Regrets and Non-Regrets About My Nova

These are the top mistakes I wish I hadn’t made while restoring and driving my Nova:

  1. Wasting gobs of money. A few years ago, I blew through cubic dollars trying to get rid of a drive train vibration. In the end I got a rebuilt transmission, new engine, different bottom pulley, new water pump, different distributor, different alternator, and a few other miscellaneous parts. All of those parts only lightened my wallet. It turns out it almost all the vibrations were coming from my tires, which leads me to:
  2. Crappy tires. My BF Goodrich Radial T/A tires were complete crap. I will never buy them again. They had poor wet weather traction, were noisy, and poorly balanced. The replacement Michelin Pilot XGT H4s made the car handle far better, like night and day.
  3. Mismatched idler arm/pitman arm. For years my left turns “felt” different than my right turns, and directional stability wasn’t what it should be. It turns out that my Pitman arm and idler arms were off by ½”, thanks to Performance Suspension Components (PSC) where I got all my suspension parts from.
  4. The cheap poly bushings in my rear leaf springs. My front poly bushings, from PSC, never squeaked much, but my rear leaf spring bushings made noise with every suspension travel. I got the black poly bushings from Espo Springs N Things with my springs, and I think they were not graphite impregnated.
  5. Lower assist on the power steering gear. When I had Lee Manufacturing rebuild my P/S gear, I had him lower the assist, thinking that it would give me a better road feel. All it did was make the steering wheel harder to turn while giving no more road feel. The stock P/S assist was higher than modern cars, but it still gave a good amount of road feel.
  6. Analysis without physical diagnosis. I often tried to analyze things without physically tearing stuff apart and looking at it. On occasion I made a correct guess, but too often I ended up wasting time or money.
  7. Not checking the easy stuff first. If I did the easy stuff first, I would have swapped out wheels with someone else in 1999 and cured my drivetrain vibrations a long time ago.
  8. HEI. I don’t regret electronic ignition, but I do regret the HEI. It doesn’t fit right in a ’74 Nova, and I had to bash in the firewall to get it in. Next time I will do a remote coil type unit that can still fit in the stock location.
  9. Only had rear speakers. I had a great radio and 2-way Pioneer 6×9 speakers in the rear package shelf. It was “OK,” but I had to crank up the volume too much to hear stuff in the front seat. I would have rather had a front speaker.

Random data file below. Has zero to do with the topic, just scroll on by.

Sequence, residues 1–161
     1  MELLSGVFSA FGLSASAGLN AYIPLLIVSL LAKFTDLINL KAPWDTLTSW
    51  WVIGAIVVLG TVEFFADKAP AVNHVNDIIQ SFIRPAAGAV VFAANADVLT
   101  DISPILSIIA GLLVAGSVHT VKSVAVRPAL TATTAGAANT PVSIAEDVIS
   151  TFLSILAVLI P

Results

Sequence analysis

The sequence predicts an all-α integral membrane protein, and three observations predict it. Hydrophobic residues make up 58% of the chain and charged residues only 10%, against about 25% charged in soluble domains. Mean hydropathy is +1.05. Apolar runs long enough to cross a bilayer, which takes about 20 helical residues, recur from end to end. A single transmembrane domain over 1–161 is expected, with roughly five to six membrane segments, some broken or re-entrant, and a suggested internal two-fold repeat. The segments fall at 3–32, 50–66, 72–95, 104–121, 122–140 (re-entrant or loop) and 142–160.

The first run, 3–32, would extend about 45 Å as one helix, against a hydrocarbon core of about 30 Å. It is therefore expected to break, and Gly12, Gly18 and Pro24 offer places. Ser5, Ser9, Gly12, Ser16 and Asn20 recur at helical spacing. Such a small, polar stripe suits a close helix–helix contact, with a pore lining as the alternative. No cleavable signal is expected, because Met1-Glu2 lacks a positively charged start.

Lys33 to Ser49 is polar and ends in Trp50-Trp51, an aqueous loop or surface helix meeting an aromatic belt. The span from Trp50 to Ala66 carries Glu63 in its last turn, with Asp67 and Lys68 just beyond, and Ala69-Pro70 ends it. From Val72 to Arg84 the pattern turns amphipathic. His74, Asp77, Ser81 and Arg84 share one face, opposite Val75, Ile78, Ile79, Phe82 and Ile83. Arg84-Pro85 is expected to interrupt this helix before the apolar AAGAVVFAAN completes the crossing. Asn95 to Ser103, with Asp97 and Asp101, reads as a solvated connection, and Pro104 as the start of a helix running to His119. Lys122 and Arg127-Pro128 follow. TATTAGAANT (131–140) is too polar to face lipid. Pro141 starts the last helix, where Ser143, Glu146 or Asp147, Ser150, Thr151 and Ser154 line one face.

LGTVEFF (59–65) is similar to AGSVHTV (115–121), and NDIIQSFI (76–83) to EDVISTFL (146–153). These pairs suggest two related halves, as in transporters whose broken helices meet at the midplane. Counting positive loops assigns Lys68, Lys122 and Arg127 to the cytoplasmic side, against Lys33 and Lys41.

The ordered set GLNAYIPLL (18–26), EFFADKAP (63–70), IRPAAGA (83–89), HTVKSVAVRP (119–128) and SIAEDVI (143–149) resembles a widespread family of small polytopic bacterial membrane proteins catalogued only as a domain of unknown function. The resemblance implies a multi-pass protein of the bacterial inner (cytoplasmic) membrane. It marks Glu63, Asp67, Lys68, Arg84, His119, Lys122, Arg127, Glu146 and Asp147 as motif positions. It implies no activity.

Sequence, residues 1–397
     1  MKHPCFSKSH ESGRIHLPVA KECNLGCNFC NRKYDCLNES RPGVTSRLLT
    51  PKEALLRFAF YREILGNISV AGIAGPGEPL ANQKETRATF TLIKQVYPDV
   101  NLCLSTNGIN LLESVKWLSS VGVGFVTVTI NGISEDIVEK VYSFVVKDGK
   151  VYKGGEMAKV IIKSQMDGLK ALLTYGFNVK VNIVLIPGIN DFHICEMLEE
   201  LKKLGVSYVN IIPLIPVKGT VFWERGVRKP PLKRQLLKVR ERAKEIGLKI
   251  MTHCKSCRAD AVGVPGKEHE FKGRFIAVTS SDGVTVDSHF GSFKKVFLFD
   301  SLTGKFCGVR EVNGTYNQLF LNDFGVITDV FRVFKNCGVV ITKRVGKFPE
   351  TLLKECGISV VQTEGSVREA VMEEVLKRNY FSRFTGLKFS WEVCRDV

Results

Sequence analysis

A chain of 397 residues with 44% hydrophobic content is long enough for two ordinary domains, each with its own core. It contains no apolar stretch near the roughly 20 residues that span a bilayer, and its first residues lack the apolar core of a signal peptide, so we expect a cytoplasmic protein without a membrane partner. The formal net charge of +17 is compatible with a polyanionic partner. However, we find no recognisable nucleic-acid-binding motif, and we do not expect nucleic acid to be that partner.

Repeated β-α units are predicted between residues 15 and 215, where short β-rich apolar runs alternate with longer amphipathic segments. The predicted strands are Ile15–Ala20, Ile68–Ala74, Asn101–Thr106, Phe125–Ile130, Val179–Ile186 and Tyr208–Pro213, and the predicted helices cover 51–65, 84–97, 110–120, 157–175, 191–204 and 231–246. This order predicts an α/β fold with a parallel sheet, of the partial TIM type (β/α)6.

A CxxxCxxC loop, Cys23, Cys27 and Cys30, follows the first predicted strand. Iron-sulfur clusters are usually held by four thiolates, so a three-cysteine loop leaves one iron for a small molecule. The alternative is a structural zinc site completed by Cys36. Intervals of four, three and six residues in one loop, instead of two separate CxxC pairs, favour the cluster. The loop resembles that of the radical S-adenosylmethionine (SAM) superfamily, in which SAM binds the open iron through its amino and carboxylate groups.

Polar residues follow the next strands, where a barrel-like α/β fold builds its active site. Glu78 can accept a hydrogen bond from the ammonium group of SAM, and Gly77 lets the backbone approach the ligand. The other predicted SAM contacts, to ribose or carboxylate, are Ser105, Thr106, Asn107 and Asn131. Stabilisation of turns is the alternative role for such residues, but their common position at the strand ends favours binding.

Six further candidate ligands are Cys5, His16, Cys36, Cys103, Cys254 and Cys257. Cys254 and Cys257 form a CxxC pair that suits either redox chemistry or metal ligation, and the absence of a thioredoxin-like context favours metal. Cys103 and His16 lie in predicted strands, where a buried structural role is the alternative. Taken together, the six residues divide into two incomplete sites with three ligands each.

10. The worst one: Not paying more attention to the brakes. I totaled my Nova because my brakes malfunctioned as I avoided a wandering SUV. I guess that my rear brakes locked up as I jumped on them. There’s no telling what caused this: sticky cylinders, too much line pressure, bad proportioning valve? Who knows? I should have paid better attention to this vital system.

Things I don’t regret:

  1. Running A/C. A/C makes the car tolerable all year round in Dallas .
  2. Keeping the 2.73 rear gears. Those 2.73s may hurt low end torque, but they make the car reasonable at highway speeds. If I had an overdrive transmission I wouldn’t mind doing 3.73s, but that’s the only way I would consider that.
  3. 4 core brass radiator. Much less expensive than aluminum, and it never overheated, even with a 330 HP 350.
  4. Exhaust Manifolds. OK, so they reduced high end horsepower, but they actually fit, they don’t block spark plugs, and they don’t overheat the engine compartment.
  5. Stock hood. Cowl hoods are rice, and I still have yet to see any evidence that they do anything for you besides cause additional aerodynamic drag.
  6. Stock wheels. Aftermarket wheels look weird.
  7. Front bench seat. It is more practical. The only problem is the driver’s side cushions sagged from overuse, so my back would get sore on long trips.
  8. Replacing vinyl matting with carpet. The carpeting made the inside much nicer, although if I do it again I will go with cut pile instead of loop carpeting.
  9. Cheap oil. I still have yet to see any quantitative data showing that expensive oils do anything for you. All fingers point to at least getting API certified oil (even Wal Mart brand oil is API certified) and changing the oil semi-regularly. I yanked the intake at least twice, and I never noticed any sludge or anything else supposedly attributable to cheap oil.
  10. Daily driving a Nova. Yup, I drove my Nova to and from work every day. It was literally my daily driver. I enjoyed keeping a piece of history alive, and I enjoyed not driving the kind of car everyone else has.

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